Use this URL to cite or link to this record in EThOS:
Title: The development of spirituality and ethics in the work of Arthur Koestler, 1937-1959
Author: Ward, Michael J.
Awarding Body: University of Edinburgh
Current Institution: University of Edinburgh
Date of Award: 1997
Availability of Full Text:
Access from EThOS:
Full text unavailable from EThOS. Please try the link below.
Access from Institution:
This thesis examines the development of Arthur Koestler's ethics, from the publication of The Gladiators in 1939 to The Sleepwalkers twenty years later, drawing upon the extensive material within Edinburgh's Koestler Archive. Whereas his work has often been divided into "political" and "scientific" phases, this thesis adopts a unified approach based on the single hierarchical system that arose from Koestler's analysis of human freedom. The ethical trilogy - The Gladiators, Darkness At Noon and Arrival and Departure - revealed Koestler's continuing abhorrence of the deterministic philosophy he had espoused within the Communist Party. After his abandonment of revolutionary ethics, Koestler proposed an ethical hierarchy to understand the allegorical figures of his eponymous essay, The Yogi and the Commissar. Arthur Koestler viewed society as constantly shifting between the polar opposites of Yogi and Commissar. Hierarchical ethics sought to transcend both poles. What emerged was a more optimistic, life-enhancing ethic than has hitherto been acknowledged. The work of Richard Hillary, George Orwell and Michael Polanyi enabled Koestler to refine his theory, the outcome of which was evident in the 1946 League and the anti-hanging campaign a decade later.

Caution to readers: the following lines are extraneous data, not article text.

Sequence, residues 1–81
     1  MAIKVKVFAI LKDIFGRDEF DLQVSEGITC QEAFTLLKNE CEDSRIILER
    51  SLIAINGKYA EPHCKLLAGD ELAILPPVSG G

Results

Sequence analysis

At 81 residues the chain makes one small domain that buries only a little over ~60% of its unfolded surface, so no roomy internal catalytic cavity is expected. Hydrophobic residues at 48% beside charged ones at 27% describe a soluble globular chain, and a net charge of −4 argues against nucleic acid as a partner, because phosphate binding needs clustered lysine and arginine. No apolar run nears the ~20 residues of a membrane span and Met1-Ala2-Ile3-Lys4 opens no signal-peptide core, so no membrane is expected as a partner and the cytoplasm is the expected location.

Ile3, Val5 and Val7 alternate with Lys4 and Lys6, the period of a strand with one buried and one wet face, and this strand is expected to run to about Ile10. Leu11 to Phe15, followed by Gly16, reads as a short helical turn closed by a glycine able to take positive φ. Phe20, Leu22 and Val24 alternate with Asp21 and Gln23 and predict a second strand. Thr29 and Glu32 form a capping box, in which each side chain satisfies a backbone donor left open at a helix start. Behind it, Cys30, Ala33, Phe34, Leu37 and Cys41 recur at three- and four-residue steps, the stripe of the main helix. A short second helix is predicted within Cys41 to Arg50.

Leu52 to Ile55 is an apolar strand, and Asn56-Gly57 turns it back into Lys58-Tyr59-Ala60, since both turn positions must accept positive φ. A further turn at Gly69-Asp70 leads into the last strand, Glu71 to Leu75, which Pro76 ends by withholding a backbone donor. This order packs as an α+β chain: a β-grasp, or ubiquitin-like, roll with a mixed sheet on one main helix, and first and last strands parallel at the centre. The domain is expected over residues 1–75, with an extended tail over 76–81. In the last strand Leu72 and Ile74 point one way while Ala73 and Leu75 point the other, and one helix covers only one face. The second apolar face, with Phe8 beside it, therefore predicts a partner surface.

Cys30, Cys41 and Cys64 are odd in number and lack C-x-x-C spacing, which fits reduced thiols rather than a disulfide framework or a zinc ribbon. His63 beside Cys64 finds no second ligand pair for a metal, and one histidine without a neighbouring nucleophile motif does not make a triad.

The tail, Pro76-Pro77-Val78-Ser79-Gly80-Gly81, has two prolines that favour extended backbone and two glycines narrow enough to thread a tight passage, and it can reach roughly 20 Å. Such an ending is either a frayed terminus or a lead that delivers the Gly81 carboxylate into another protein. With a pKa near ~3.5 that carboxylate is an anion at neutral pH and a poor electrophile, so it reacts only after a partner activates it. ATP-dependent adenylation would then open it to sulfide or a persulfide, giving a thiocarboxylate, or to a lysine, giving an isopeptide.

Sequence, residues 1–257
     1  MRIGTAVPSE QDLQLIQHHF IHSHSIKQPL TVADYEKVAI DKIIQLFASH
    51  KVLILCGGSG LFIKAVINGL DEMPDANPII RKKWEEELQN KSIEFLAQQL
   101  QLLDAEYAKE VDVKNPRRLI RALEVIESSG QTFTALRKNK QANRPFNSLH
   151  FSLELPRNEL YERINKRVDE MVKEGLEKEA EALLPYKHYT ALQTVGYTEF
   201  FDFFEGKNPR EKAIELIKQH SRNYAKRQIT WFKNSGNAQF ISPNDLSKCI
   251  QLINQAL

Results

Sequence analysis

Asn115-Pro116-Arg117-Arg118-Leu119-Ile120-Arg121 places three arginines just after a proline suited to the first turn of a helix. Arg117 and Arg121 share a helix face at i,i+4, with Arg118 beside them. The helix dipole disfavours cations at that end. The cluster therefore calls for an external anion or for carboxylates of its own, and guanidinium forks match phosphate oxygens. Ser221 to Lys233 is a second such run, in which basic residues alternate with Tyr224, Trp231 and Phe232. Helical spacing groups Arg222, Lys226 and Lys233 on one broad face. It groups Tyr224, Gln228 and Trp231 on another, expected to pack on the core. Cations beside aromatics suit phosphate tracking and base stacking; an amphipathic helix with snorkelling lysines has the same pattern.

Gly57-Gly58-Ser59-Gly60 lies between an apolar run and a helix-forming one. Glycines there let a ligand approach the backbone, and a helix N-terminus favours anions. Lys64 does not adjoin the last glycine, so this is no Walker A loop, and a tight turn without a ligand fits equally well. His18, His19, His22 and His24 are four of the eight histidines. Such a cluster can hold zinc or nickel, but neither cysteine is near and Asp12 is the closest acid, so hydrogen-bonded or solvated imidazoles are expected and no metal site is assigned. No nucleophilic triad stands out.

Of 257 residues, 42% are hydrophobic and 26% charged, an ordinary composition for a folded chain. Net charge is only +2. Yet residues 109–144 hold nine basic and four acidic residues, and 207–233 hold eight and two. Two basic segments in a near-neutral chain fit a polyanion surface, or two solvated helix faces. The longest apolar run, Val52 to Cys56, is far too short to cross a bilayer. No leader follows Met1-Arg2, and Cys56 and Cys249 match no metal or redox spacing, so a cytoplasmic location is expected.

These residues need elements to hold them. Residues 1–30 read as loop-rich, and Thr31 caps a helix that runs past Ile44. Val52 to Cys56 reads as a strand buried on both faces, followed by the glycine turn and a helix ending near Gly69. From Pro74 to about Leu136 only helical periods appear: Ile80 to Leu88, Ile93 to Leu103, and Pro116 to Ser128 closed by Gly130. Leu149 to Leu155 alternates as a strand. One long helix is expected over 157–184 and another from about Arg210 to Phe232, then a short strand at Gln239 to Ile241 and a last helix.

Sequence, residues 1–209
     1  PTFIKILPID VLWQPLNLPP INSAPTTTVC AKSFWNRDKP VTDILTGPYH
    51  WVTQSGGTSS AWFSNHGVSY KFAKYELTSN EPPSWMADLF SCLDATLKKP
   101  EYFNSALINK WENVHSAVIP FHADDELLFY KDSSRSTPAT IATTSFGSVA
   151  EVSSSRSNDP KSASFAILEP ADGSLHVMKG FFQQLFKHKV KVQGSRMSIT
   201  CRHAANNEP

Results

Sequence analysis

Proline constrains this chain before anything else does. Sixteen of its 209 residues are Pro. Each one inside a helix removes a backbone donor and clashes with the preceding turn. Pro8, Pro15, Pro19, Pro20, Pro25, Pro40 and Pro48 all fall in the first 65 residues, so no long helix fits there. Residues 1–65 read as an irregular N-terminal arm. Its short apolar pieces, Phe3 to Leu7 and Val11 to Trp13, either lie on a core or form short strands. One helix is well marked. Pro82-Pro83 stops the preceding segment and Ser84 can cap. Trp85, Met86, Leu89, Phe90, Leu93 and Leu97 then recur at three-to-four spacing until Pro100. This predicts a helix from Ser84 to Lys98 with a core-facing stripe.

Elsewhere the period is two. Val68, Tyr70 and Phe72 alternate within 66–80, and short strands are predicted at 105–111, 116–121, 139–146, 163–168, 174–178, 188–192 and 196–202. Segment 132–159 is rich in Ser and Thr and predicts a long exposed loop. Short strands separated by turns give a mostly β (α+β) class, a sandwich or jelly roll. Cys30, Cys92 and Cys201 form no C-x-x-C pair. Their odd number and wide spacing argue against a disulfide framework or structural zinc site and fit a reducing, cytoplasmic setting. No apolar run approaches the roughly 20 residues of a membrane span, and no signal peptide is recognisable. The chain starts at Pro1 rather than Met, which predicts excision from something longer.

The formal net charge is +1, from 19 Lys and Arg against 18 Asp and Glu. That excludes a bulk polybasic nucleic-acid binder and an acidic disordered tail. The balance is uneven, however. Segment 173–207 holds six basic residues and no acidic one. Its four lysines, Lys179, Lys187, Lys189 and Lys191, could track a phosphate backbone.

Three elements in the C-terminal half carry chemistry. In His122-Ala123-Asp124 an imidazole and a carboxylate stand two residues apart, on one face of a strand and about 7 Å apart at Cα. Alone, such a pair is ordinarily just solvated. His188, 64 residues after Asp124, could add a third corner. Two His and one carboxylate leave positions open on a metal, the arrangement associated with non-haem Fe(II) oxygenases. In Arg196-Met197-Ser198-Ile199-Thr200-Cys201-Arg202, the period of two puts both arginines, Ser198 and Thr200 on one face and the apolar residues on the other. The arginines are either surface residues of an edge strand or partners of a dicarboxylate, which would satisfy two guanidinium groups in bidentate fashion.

In his scientific writing, Koestler sought to understand the movement of individuals within the hierarchy. If scientific models could be utilised to explain moral and creative insight, he also became convinced, earlier than one might suppose, that the evolution of the human brain was the cause behind the failure of the species to ascend the ethical hierarchy. Biological factors alone do not account for the irrational ethic that survives Koestler's dystopic vision. The thesis presents evidence that this ethical system contains an essential spiritual element traceable to its author's mystical experience whilst imprisoned in Seville. Thus the principle underlying his work and aspirations for humankind, post-Hiroshima, is of a spiritual reality, the admission of which is necessary before a holistic working ethic can be embraced.
Supervisor: Not available Sponsor: Not available
Qualification Name: Thesis (Ph.D.) Qualification Level: Doctoral
EThOS ID:  DOI: Not available